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The Art of Control System Design

Doug Johnson, WRD, 11/20/02

The problem is... no two applications should have the exact same control system. Industries, machines, and intended users, are all different and one of the goals of the system designer is to deal with the differences and provide results that are "intuitive". Most control systems address these differences by using "off the shelf" circuit boards and modules that can be configured in different ways. What if the application really needs something that isn't available off the shelf? What if your "vision" and creative inspiration yields a solution that surpasses the current state of the art, but there is no "module" that does what you want?

Architecting a control system for an application is as much an art as a science. Simple applications (i.e. temperature control) require less artistic input, but multi-function applications have complex interactions that must be managed by the control in a consistent, easy to understand manner. This is where artistic vision can have a huge impact and create the illusion of simplicity to something that is inherently complex.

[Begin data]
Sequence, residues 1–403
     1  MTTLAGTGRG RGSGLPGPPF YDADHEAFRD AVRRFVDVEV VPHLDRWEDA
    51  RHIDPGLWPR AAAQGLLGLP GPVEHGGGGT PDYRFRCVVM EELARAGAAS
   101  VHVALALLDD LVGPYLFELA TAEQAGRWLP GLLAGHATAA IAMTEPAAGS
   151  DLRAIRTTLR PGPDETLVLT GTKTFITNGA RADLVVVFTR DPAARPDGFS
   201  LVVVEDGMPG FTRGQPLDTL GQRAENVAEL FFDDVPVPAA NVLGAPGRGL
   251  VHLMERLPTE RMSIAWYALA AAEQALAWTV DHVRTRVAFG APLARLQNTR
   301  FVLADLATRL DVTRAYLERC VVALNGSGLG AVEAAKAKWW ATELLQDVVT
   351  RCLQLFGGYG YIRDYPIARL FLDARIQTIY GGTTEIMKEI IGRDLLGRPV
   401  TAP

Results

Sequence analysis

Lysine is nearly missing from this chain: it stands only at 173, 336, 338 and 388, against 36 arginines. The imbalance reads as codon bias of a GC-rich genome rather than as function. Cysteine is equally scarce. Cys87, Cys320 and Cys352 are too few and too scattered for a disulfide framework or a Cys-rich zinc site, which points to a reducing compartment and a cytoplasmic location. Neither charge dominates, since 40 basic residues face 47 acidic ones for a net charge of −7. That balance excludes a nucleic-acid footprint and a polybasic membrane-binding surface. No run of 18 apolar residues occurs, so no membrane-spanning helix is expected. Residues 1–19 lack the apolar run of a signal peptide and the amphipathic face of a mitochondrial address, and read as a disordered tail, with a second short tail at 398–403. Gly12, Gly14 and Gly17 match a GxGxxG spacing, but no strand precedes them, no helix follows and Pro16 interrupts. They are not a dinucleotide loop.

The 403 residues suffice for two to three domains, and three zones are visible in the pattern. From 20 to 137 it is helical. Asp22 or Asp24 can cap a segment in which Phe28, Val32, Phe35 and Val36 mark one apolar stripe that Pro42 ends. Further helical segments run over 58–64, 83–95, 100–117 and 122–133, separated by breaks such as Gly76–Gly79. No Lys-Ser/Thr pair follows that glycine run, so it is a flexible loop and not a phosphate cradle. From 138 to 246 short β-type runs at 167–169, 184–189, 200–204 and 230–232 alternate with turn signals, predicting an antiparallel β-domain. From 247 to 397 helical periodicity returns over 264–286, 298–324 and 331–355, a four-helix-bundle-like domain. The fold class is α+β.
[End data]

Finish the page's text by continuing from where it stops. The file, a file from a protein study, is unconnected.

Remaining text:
Unfortunately, artistry and engineering rarely come together. Think again about the "off the shelf" control components that are available and you'll see that they are all about "function" and "technology". These are critical issues to be sure, but the artist in me says that "how" the control is applied and used, is more important. In other words, the "function" and "technology" should be flexible, and subservient to the "form" of the implementation.

This is one of the fundamental ways that ProductMaker is different from other control systems. The "function" and "technology" have been designed to be virtually invisible to the designer, relieving him of the underlying complexity, yet they remain flexible, allowing him to concentrate on the "form" of the implementation. This is further augmented by the "development platform" nature of ProductMaker whose intended purpose facilitates "custom" packaging thus allowing the designer to "free his mind" beyond the constraints of "off the shelf" components, and allowing artistry and creativity to take place.